Balancing the brain’s energy supply: neurovascular coupling in the cortex and hippocampus
Dr Kira Shaw, University of Sussex
Neurovascular coupling has been predominantly studied in primary sensory cortices, where neuronal activation leads to increased cerebral blood flow and a large influx of oxygenated blood. However, neural activity may be less well-coupled to increased blood flow in other brain areas. For example, local field potentials are highly correlated with fMRI/BOLD signals in sensory cortex, but not in the hippocampus (Ekstrom, 2010), suggesting neurovascular coupling may differ between sensory cortex and hippocampus. To investigate this directly, Dr Hall and her team used 2-photon imaging to record fluctuations in neuronal activity and microvascular diameter in primary visual cortex (V1) and the hippocampus of awake, behaving mice, as well as combined laser doppler flowmetry and haemoglobin spectroscopy to record baseline and stimulus-induced alterations in macroscopic haemodynamics. Compared to V1, the hippocampus had lower resting blood flow and blood oxygen saturation, despite similar rates of oxygen consumption. Furthermore, individual blood vessels dilated significantly less frequently and to a smaller extent in the hippocampus compared to V1, despite equivalent-sized calcium responses. Finally, increases in regional oxygen consumption led to smaller macroscopic increases in blood flow in the hippocampus compared to V1. These data suggest that not only is the hippocampus under-supplied with oxygen compared to primary sensory cortex at rest, but it is also less able to increase local blood flow in response to increased neuronal activity. These deficits in neurovascular coupling could contribute to the vulnerability of the hippocampus to hypoxia by reducing the ability of hippocampal neurons to match energy supply with demand.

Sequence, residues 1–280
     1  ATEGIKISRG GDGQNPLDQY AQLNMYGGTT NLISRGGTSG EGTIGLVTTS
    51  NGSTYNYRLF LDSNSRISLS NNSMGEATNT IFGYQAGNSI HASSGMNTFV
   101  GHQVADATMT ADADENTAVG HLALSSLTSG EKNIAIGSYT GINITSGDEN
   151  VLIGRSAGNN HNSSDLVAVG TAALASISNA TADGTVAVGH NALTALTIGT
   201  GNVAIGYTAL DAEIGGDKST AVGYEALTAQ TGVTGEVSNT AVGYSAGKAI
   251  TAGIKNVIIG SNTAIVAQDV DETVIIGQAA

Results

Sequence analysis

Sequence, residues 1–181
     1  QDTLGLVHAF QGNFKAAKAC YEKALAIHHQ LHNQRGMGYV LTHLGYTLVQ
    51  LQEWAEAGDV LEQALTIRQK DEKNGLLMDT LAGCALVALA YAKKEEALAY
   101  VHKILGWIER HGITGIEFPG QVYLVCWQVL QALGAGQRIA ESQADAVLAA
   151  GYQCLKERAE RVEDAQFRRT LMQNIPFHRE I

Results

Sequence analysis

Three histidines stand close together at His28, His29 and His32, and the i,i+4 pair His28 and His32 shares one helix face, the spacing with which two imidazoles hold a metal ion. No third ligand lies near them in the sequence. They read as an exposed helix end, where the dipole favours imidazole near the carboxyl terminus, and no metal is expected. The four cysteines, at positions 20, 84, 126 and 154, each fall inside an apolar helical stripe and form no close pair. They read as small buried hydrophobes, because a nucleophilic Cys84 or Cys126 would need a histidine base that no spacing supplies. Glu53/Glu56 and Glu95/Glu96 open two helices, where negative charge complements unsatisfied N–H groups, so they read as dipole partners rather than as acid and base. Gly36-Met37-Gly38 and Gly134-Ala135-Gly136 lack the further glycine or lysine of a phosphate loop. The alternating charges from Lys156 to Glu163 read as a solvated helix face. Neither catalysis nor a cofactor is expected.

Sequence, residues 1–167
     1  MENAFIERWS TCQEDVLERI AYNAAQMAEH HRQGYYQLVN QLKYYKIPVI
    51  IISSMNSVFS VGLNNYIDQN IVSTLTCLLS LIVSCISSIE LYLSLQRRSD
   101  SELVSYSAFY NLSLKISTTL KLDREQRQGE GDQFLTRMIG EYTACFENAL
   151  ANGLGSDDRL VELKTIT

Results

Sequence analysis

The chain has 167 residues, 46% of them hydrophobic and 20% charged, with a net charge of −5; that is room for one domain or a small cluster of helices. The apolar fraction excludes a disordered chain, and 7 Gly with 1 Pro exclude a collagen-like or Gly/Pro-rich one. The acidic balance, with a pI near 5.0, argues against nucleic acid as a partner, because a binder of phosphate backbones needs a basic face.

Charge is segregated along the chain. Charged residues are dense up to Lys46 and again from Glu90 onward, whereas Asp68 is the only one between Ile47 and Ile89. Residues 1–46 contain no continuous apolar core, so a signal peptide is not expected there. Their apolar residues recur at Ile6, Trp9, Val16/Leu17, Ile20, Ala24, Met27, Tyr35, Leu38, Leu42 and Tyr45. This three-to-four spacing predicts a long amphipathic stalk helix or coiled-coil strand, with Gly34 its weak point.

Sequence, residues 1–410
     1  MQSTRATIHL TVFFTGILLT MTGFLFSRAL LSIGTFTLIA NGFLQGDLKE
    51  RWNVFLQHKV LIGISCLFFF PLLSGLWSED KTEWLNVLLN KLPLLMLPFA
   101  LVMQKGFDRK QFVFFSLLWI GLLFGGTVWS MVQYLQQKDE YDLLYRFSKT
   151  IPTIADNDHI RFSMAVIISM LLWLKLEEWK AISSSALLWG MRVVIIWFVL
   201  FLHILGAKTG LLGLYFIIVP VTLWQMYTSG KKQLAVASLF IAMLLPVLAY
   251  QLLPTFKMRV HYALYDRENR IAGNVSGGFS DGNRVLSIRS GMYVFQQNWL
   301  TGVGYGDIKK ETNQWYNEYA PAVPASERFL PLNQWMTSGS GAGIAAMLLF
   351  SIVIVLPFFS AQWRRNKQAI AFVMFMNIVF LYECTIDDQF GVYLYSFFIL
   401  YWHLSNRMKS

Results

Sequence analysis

Building a mathematical model of brain energy metabolism
Professor Renaud Jolivet, University of Geneva and CERN, Switzerland